Whenever I go on a long drive (San Francisco to LA, New York to North Carolina, Memphis to Seattle) I’m awed by how much of the country is farmland. In North Carolina, the sprawl of Durham or Raleigh melts quickly into fields: tobacco, cotton, corn, Christmas trees. The fields are punctuated by trailer parks, abandoned gas stations, and falling-apart barns. The view is a constant tug-of-war between lush greenery and dilapidated structures. Driving through southern fields makes visible one of the persistent paradoxes of American production: the coexistence of excess and need. In the South, agriculture is still an economic pillar in some states: in North Carolina, for example, agriculture contributes $84 billion to the state economy, and net farm income is $2.8 billion. Still, in a 2004 study of migrant farm workers in the state, 47.1 percent were classified as “food insecure.”
Displays of abundance render invisible the desires and needs of those who live and work within apparent plenty. This isn’t a new issue: Jean Toomer, writing in 1923, illustrates the disconnect between agricultural abundance and personal lack in his poem “Harvest Song.” The interplay of excess and lack takes on many forms in all realms of society. Nearly nine decades after “Harvest Song,” poet Andrew Hudgins explores the complexities of desire, greed, and abundance in the domestic and interpersonal sphere. Both Toomer and Hudgins write of hungering in abundant landscapes, whether in vast oat fields or in a friend’s sumptuous home.
Toomer’s “Harvest Song” switches between elevated and plainspoken registers to evoke the mental claustrophobia of labor. The speaker is a reaper who’s “been in the fields all day.” The poem’s stanzas take on a circular structure; at the beginning of each, the speaker expresses a desire or an impulse, but is too exhausted to indulge that impulse: “I am a reaper. (Eoho!) All my oats are cradled. But I am too fatigued / to bind them.” Toomer repeatedly mentions the dustiness of the oat fields in which the speaker labors. His eyes and ears are covered in dust: he cannot hear or see. “My ears are caked with dust of oat-fields at harvest-time. / I am a deaf man who strains to hear the calls of other harvesters whose / throats are also dry.” Though the poem’s title suggests abundance and pastoral bliss, the speaker’s reality is small and barren, his chief remaining sensation a hunger that is mentioned in seven of the poem’s eleven stanzas. Toomer juxtaposes the appeal of the crops (“sweet-stalked / cane”) with the physical deterioration of the speaker, suggesting that the fecundity of the land and the production of even the most basic foods come at the expense of the laborer’s body. Though surrounded by food, he is hungry; though surrounded by fellow workers, he’s unable to communicate; though he wishes to see the vista himself, he physically cannot.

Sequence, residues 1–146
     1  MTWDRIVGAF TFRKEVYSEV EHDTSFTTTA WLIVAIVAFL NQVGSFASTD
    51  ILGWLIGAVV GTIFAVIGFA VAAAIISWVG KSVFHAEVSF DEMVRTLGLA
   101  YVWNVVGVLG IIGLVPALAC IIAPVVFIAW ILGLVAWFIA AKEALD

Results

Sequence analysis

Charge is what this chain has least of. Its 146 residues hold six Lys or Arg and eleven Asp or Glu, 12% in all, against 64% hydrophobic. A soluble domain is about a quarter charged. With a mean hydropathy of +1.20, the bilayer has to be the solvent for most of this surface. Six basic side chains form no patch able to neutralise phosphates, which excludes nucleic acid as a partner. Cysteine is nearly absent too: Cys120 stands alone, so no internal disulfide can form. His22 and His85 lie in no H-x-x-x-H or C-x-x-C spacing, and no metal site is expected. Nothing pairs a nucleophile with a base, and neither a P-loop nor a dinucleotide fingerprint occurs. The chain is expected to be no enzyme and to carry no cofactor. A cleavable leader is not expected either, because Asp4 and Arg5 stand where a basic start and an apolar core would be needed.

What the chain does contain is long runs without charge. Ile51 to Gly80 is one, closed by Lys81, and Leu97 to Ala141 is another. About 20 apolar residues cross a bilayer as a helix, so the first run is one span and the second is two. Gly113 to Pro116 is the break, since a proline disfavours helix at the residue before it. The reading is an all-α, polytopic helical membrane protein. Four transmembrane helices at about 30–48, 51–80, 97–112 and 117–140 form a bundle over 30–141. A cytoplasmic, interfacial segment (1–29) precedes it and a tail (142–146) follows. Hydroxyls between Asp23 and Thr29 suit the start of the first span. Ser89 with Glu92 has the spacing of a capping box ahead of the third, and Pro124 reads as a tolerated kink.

The speaker in Andrew Hudgins’s poem “Grand Expensive Vista” can see the vista that surrounds him, and is both disturbed and enchanted by its excess. The setting and stakes are vastly different: the speaker is at a house party with “electric tiki torches” and “oldfangled canapés.” But like the speaker in Toomer’s poem, the abundance of the setting does not belong to him: “I lingered, / glad—discomfited and glad— / at what my friends’ greed / for beauty afforded me.” For the first three quarters of the poem, he’s trapped within his own head, though not physically alone: “I argued, / self against self, what they’d gained / and lost.” And like “Harvest Song,” “Grand Expensive Vista” is strung with unfulfilled desire. As the speaker takes in the view from his friends’ home, he “nearly groaned / aloud with want.” The poem ends as the speaker smells steak, a literal hunger that amplifies the figurative hunger of the earlier stanzas. In “Harvest Song,” Toomer repeatedly uses “hunger” as a verb (“I hunger”). Hudgins ends by using a similar device in describing the speaker and his host (who appears in the poem’s last lines). “We hungered, / and all the way back to his engorged / glass table, hunger was our guide.”
Both poems explore the pain of hungering and having to hide one’s hunger. Together, they also excavate hunger’s many layers. There is the intense, immediate hunger of necessity, which Toomer’s speaker feels acutely. Then there is the hunger of coveting, less urgent but also intense, that Hudgins’s speaker experiences. Though they are different hungers, they’re both all-encompassing. And though hunger is powerful, it’s also, in these poems, quasi-hidden. In “Harvest Song,” Toomer’s speaker says: “I fear knowledge of my hunger.” Hudgins’s speaker also fears knowledge of his hunger, though he doesn’t explicitly state it: he fears that he has the same desire for luxury as his hosts, the same greed (when he speaks to his hosts, his voice is “greased / with hidden envy”). Both poems show the double potential of hunger and want. Hunger can depress one’s ability to confront excess or make systemic change, but it also can drive individuals to action, whether on the scale of organized labor or interpersonal confrontation. Both poems are affecting because they don’t resolve the problem of the speakers’ isolation and hunger. They capture the moment of rupture between circumstances and desire, and leave the reader feeling claustrophobic in vast expanses, hungering before a feast. Toomer gives the reader a window into the emotional and physical costs of producing staple food, and Hudgins captures the twinge of guilt and powerful want we feel in the face of luxury. Whether we’re driving through cornfields or eyeing brownstones on our walk home, Toomer’s and Hudgins’s poems remind us of the universality of hunger in both of these forms. Their poems leave us ready to question, ready to act.